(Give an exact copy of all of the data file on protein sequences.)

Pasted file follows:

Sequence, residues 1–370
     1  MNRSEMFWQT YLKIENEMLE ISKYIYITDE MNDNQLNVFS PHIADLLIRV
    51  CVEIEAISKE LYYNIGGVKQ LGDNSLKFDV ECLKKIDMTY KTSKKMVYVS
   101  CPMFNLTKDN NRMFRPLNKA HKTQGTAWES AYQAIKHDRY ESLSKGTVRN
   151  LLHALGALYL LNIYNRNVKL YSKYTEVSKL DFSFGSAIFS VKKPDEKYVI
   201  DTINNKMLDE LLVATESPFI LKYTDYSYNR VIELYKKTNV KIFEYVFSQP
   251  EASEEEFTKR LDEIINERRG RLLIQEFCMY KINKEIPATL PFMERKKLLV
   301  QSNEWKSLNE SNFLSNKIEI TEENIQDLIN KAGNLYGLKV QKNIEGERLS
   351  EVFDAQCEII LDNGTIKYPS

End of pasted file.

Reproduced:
Sequence, residues 1–370
     1  MNRSEMFWQT YLKIENEMLE ISKYIYITDE MNDNQLNVFS PHIADLLIRV
    51  CVEIEAISKE LYYNIGGVKQ LGDNSLKFDV ECLKKIDMTY KTSKKMVYVS
   101  CPMFNLTKDN NRMFRPLNKA HKTQGTAWES AYQAIKHDRY ESLSKGTVRN
   151  LLHALGALYL LNIYNRNVKL YSKYTEVSKL DFSFGSAIFS VKKPDEKYVI
   201  DTINNKMLDE LLVATESPFI LKYTDYSYNR VIELYKKTNV KIFEYVFSQP
   251  EASEEEFTKR LDEIINERRG RLLIQEFCMY KINKEIPATL PFMERKKLLV
   301  QSNEWKSLNE SNFLSNKIEI TEENIQDLIN KAGNLYGLKV QKNIEGERLS
   351  EVFDAQCEII LDNGTIKYPS